Significantly, CPRA creates the category of sensitive personal information (SPI), which includes health information. As in the GDPR, SPI receives a greater degree of protection and requires explicit consent for sharing.

Both the CCPA and the CPRA require businesses to provide consumers with simple ways to opt out of sharing or personal information. CPRA also has specific requirements regarding cross-context behavioral advertising that may significantly impact healthcare marketers.

As with HIPAA, the CCPA and the CPRA exclude de-identified data. 


The European Union’s General Data Protection Regulation has become the model for many of the world’s data privacy regimes. While it nominally facilitates the exchange of information across borders for commercial purposes, it is more widely known for implementing some of the strictest privacy protections in the world, along with some of the highest penalties for failure to protect personal information adequately. Unfortunately, the healthcare industry has a generally poor reputation for GDPR compliance.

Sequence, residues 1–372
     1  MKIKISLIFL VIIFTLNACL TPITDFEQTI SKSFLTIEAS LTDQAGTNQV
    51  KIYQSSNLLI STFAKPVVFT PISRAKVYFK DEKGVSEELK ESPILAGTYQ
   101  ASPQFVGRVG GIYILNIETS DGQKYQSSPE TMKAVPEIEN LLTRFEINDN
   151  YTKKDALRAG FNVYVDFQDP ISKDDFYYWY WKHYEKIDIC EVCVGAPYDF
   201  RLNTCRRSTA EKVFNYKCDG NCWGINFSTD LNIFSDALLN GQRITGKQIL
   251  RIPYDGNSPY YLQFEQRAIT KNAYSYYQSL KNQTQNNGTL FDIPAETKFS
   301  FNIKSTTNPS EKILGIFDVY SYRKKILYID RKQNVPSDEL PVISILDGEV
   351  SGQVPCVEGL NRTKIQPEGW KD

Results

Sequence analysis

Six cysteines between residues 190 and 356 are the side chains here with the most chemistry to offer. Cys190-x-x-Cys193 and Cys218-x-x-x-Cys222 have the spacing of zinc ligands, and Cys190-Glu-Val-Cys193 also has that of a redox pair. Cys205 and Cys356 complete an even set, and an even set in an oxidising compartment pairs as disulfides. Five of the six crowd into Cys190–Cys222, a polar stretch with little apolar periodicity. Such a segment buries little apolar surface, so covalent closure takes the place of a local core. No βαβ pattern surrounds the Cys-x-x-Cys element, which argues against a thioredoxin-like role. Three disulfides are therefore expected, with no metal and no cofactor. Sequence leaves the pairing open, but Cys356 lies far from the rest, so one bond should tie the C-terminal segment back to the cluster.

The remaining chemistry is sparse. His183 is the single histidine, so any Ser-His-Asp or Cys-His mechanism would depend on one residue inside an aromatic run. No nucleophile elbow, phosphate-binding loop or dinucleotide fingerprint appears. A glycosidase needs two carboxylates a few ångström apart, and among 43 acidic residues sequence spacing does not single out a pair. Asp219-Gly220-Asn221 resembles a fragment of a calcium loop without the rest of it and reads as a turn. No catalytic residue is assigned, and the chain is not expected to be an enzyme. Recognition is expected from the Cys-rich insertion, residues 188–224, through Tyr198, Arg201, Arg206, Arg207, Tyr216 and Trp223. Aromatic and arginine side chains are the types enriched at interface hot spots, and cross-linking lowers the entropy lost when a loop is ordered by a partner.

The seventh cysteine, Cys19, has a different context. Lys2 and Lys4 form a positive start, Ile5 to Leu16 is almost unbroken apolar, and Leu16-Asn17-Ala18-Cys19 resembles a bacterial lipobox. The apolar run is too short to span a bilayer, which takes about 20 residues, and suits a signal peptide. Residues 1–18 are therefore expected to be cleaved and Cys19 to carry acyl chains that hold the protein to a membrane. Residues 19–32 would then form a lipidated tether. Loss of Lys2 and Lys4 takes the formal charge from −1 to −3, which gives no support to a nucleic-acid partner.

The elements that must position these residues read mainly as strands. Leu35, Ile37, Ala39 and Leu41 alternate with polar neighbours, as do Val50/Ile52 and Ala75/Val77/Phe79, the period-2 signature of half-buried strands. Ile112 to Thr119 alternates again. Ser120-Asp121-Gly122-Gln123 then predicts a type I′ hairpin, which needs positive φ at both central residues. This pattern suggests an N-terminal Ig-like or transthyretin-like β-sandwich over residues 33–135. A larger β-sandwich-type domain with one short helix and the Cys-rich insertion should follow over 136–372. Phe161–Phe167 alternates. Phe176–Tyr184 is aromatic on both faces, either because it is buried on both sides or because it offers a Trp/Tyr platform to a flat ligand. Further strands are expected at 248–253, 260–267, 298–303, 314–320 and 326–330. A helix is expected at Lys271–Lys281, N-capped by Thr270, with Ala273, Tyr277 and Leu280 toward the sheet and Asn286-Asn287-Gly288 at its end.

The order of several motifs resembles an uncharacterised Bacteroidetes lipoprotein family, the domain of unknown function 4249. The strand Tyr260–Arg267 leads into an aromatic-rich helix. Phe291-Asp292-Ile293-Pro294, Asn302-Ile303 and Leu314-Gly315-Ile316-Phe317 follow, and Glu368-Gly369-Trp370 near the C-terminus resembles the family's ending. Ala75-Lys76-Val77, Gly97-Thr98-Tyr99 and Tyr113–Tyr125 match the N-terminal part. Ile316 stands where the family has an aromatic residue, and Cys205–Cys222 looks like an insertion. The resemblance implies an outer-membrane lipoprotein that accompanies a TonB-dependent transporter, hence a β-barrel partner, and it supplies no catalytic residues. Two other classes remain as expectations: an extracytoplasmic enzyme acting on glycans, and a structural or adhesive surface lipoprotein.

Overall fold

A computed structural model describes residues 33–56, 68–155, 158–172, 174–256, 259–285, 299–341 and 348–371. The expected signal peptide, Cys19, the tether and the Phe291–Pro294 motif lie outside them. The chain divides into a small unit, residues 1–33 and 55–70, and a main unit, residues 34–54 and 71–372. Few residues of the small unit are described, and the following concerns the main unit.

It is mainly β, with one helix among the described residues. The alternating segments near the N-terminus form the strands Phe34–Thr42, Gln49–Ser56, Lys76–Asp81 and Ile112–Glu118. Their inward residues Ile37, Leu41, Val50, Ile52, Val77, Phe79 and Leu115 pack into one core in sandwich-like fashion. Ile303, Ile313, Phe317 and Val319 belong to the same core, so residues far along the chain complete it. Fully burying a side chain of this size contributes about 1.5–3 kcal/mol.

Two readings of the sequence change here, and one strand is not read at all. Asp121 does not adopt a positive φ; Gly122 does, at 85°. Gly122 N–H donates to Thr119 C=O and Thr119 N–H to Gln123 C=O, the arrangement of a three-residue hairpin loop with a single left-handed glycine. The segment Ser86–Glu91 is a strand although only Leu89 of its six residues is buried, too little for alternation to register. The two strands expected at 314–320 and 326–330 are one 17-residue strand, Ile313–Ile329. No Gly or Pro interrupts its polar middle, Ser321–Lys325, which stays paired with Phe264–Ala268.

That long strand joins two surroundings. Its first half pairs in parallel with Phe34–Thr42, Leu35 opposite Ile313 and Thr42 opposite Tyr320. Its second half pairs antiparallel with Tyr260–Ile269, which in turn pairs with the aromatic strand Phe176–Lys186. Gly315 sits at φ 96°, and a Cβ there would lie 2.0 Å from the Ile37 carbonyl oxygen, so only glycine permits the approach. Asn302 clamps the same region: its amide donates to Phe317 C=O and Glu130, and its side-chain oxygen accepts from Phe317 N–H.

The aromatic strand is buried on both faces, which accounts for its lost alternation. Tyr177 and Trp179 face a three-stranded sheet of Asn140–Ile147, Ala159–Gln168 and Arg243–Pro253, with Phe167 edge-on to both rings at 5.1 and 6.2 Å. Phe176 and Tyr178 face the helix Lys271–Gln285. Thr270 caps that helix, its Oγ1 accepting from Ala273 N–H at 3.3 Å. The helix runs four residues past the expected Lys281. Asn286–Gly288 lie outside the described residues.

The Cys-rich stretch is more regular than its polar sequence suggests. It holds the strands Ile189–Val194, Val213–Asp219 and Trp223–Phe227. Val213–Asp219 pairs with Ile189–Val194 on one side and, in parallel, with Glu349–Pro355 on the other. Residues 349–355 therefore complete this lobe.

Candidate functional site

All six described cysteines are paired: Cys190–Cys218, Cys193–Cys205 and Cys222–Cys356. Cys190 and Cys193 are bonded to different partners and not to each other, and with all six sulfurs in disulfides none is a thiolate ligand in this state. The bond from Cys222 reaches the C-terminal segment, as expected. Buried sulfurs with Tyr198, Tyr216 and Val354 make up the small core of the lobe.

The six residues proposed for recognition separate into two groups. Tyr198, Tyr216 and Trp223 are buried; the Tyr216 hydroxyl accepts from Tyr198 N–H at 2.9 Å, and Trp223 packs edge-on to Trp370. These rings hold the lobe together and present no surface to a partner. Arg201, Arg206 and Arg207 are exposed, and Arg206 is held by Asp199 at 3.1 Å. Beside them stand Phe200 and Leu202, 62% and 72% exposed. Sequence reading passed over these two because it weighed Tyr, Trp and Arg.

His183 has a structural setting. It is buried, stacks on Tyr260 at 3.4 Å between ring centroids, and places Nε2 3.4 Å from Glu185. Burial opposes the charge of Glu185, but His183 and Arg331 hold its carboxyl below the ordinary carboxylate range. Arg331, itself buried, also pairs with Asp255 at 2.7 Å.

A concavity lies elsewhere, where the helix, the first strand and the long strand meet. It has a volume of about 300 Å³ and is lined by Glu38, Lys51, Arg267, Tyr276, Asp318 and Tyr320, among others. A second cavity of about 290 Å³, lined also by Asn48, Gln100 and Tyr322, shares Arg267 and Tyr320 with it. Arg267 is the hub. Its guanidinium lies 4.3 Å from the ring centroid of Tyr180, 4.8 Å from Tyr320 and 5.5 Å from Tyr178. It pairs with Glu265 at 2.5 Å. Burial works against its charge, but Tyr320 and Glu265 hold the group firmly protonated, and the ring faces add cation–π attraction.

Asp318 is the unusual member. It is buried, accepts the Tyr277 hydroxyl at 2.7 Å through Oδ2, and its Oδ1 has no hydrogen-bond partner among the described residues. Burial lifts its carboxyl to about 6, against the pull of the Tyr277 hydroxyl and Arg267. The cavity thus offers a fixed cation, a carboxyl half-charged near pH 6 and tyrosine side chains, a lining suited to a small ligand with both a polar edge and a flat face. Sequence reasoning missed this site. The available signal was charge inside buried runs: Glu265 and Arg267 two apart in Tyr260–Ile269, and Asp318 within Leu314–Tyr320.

In addition to having broad privacy protections, the GDPR has broad and extraterritorial application. Any company that controls collection or processing of personal information of EU citizens, whether or not the company has a European presence, falls within the scope of the GDPR.

Well before the CCPA, the GDPR segregated health information into a special category of personal information worthy of higher protection. Under the GDPR, processing of health data requires prior explicit consent except in specific and restricted circumstances. 

The GDPR also recognizes that de-identified data is unlikely to implicate privacy concerns. It splits de-identification into pseudoanonymization and anonymization. Unlike pseudoanonymization, anonymized data cannot be restored to a state where the individual is once again identifiable.

These are just a few of the many privacy laws and regulations worldwide, although they are some of the most applicable for healthcare marketers.

Building rapport with empathetic storytelling